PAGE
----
The first thing I did on leaving college, after three years in the library, was dig out my old backpack, tie a sleeping bag to it, and a sheet of plastic in case of rain, and walk out the door. I had no plan. It was summer, and I didn’t have to think about my life until the fall. I headed west because that felt right. I didn’t even bring a map, just a compass. I slept in the corners of fields, in copses, at the foot of oaks. I swam when there was a river, and when I needed to cross one I’d walk until I reached a bridge, however far that was. Or if it was narrow enough, I’d hurl my pack to the other side, then scale a tree, teeter on the end of an overhanging branch, and launch myself to the far bank. (Sometimes I made it, sometimes I got soaked.) I hitchhiked if I felt like it, making my way through the Cotswolds into Wales. I wound up on the Pembroke coastal path, which brought me to St. David’s, the country’s smallest city, dwarfed by its 12th-century cathedral.
Even then, in the late ’80s, England was still medieval. Thatched villages, pubs on village greens, little stores where I would stock up on minimal staples, and hill after rolling hill of field and meadow. There’s no telling what you’ll find once you start walking.
That was the best traveling I ever did. I didn’t know it then, but I belonged to a backpack generation. Nothing seemed more important in this brief life than to get out into the world and see it. I worked in Argentina and traveled up the Andes in the open backs of trucks, I hitchhiked across the Sahara, I slept under olive trees in Greece — anything to be out there. I even endured five days on a “Magic Bus” that limped through Yugoslavia with a broken suspension. Along the way I discovered what seemed wildly exotic food: chicken stewed in an oil drum filled with garlic; bread baked in sand; camel’s milk; and spit-roast guinea pig. But nothing quite matched the self-sufficient delight of walking with one’s needs on one’s back.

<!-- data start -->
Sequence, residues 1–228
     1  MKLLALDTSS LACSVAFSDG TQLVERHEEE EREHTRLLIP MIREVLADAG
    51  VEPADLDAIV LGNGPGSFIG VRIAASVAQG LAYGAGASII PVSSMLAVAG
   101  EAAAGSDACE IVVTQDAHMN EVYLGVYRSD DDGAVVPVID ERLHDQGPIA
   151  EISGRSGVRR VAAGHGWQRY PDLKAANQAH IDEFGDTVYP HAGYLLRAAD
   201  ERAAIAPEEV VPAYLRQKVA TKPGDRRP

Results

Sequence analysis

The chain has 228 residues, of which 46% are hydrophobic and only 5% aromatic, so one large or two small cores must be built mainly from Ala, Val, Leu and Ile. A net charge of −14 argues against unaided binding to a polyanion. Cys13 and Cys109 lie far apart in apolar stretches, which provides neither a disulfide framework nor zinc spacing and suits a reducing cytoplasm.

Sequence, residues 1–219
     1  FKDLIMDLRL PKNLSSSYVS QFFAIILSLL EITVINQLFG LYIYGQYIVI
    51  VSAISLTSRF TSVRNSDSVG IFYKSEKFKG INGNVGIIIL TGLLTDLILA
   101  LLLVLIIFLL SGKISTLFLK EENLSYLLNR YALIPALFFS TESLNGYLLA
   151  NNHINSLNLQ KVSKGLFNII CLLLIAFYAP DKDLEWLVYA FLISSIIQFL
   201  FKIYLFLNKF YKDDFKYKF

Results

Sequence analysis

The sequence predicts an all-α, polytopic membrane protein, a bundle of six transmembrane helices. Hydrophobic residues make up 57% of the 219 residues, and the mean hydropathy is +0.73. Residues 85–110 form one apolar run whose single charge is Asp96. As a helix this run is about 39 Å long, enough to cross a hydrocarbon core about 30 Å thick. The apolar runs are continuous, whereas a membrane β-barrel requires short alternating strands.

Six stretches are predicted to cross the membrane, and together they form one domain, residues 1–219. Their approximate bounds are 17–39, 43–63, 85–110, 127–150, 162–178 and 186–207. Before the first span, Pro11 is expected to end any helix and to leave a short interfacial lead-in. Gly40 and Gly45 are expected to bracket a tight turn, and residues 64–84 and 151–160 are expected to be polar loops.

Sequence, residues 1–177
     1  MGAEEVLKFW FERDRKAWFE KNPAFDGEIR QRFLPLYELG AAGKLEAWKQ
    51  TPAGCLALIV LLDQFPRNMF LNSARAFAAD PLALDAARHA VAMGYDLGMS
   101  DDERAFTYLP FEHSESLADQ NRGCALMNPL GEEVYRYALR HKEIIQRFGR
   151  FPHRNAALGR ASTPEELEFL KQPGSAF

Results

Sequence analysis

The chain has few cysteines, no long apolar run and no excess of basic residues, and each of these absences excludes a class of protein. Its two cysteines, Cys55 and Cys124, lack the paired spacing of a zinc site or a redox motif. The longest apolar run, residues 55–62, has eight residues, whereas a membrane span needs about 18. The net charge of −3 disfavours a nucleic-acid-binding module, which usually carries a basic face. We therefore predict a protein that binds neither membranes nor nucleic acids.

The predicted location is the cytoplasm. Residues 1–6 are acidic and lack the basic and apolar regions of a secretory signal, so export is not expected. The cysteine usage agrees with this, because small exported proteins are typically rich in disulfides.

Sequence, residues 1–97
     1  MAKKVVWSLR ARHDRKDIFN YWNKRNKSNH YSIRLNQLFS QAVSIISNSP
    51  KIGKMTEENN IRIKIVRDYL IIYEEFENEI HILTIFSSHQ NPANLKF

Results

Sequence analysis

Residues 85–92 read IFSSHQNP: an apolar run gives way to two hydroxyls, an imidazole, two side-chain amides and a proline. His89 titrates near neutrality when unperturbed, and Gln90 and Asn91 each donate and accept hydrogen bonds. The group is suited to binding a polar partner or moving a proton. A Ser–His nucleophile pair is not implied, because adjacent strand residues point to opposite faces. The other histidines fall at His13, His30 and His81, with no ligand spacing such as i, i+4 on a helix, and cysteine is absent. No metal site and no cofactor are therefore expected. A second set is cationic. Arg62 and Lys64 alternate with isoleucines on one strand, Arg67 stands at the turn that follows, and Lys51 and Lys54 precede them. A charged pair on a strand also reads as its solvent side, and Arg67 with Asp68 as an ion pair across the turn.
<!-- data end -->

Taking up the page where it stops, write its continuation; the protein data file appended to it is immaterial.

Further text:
There are many reasons to have a holiday. Reculer pour mieux sauter, say the French: draw back the better to leap. We may want nothing but relaxation and rest. But as Sherlock Holmes knew, the best form of R&R is to do something different: a change is as good as a rest, if not better; and the best kind of change is to enter another world. And while all other cultures — like Lawrence’s Sardinia — offer a different world, there’s always the wilderness, the hills, nature, waiting for us just up the road, wherever we are. In the woods and hills we find not just nature, but our own past; we remember who we used to be, we rediscover our need not just to be outdoors but also to be of no fixed abode. Is it really enough to slide self and trolley bag into a steel cylinder to be ferried a thousand miles to loll on a sun lounger?
In the 1870’s Gerard Manley Hopkins wrote:
What would the world be, once bereft
Of wet and wildness? Let them be left,
O let them be left, wildness and wet;
Long live the weeds and the wilderness yet.
Last summer in Scotland my two boys and I foraged for clams, mussels, samphire, wild garlic. The meals we made of them, at the end of salty, rainy afternoons on tidal lochs, with the umber hills brooding over us, tasted better than anything you could buy. To be out under the sky on our own two feet awakens something older, more content within us, a wild creature inside itching to break out, who knows where to go to heal all ills.